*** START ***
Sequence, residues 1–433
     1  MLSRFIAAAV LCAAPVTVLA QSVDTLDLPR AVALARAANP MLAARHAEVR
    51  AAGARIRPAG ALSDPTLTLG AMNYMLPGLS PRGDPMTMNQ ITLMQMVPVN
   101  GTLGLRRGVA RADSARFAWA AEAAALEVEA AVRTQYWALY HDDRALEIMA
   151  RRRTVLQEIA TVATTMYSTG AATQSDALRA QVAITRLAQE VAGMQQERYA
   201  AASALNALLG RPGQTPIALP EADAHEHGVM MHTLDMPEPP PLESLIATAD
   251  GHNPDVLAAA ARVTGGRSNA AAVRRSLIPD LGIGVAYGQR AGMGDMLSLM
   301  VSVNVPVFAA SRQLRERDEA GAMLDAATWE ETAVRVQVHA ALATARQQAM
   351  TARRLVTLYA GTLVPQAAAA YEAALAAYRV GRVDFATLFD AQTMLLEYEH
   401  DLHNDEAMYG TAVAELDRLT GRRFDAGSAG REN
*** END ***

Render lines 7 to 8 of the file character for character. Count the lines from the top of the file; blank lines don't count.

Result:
   251  GHNPDVLAAA ARVTGGRSNA AAVRRSLIPD LGIGVAYGQR AGMGDMLSLM
   301  VSVNVPVFAA SRQLRERDEA GAMLDAATWE ETAVRVQVHA ALATARQQAM